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Oxygen deprivation leads to changes in mitochondrial morphology and impaired flow of reducing equivalents through the electron transport chain. The extent of these changes depends on the duration and severity of the treatment as well as on the species and cell type. Nitrate is known to ameliorate these effects in some instances, but it is possible that it is nitrite, rather than nitrate, that is the key to the mechanism. To test this, mitochondria were isolated from 21-day-old pea (Pisum sativum) roots and incubated for 90 min under normoxia or hypoxia in the presence or absence of 0.5 mM nitrite. The supply of nitrite under hypoxia led to nitric oxide production, improved mitochondrial integrity, improved energization of the inner mitochondrial membrane, increased ATP synthesis, decreased production of reactive oxygen species and decreased lipid peroxidation. It also resulted in higher levels and activities of complex I and the supercomplex I + III2. It is concluded that nitrite has an important role in maintaining mitochondrial function under hypoxia, and that it achieves this through the reduction of nitrite to nitric oxide by the mitochondrial electron transport chain.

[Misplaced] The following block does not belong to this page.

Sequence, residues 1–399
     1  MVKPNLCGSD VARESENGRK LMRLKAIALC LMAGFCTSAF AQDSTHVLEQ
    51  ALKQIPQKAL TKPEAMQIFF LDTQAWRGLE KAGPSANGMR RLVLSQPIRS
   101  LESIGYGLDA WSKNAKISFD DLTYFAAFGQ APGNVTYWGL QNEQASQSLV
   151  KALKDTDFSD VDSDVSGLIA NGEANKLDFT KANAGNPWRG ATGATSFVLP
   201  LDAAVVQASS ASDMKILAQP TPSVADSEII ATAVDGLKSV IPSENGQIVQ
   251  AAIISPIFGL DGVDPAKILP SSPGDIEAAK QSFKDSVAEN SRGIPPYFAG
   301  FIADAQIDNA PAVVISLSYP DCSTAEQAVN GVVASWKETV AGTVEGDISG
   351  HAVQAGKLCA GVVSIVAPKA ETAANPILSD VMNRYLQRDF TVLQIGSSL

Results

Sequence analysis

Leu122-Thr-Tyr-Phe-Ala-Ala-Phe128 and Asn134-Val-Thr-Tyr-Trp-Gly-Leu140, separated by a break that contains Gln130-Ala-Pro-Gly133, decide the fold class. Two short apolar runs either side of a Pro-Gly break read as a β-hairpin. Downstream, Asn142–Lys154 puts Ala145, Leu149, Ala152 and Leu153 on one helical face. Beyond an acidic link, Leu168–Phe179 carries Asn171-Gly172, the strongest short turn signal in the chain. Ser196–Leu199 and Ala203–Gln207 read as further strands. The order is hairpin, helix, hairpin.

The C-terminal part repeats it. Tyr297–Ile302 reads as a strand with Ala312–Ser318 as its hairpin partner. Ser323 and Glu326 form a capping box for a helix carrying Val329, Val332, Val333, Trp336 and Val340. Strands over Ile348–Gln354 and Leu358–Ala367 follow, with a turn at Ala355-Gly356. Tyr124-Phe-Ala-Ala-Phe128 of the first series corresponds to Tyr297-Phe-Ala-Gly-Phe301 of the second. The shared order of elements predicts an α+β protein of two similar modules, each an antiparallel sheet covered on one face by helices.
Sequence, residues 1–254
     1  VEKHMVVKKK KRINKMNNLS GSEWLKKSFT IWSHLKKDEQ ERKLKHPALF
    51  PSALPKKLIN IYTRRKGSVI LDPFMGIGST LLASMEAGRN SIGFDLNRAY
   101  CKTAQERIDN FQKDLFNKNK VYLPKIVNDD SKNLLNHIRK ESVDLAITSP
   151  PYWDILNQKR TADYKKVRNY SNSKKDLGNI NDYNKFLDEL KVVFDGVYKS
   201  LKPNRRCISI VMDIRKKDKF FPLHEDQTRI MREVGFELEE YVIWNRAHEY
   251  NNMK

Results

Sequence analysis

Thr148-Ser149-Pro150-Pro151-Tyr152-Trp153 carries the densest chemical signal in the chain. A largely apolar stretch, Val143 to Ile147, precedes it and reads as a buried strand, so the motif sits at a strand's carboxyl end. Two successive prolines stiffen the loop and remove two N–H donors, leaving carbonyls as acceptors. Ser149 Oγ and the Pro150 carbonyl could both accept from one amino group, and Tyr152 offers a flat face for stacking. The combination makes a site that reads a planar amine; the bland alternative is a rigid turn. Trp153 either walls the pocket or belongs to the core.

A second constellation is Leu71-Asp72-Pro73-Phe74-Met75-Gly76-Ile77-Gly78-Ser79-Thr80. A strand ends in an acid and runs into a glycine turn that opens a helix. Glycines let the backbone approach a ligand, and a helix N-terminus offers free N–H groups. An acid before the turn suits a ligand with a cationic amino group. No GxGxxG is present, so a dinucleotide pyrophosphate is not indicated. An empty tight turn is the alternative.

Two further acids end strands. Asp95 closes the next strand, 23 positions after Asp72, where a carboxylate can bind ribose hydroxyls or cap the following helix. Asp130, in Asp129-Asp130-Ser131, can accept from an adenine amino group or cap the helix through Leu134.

Original publication




Journal article


Plant Cell Physiol

Publication Date





175 - 183


Hypoxia, Mitochondria, Nitric oxide, Nitrite, Pisum sativum, Respiration, Adenosine Triphosphate, Electron Transport Complex I, Electron Transport Complex II, Electron Transport Complex III, Electrophoresis, Lipid Peroxidation, Microscopy, Confocal, Mitochondria, Mitochondrial Membranes, Nitric Oxide, Nitrites, Oxygen, Peas, Plant Proteins, Reactive Oxygen Species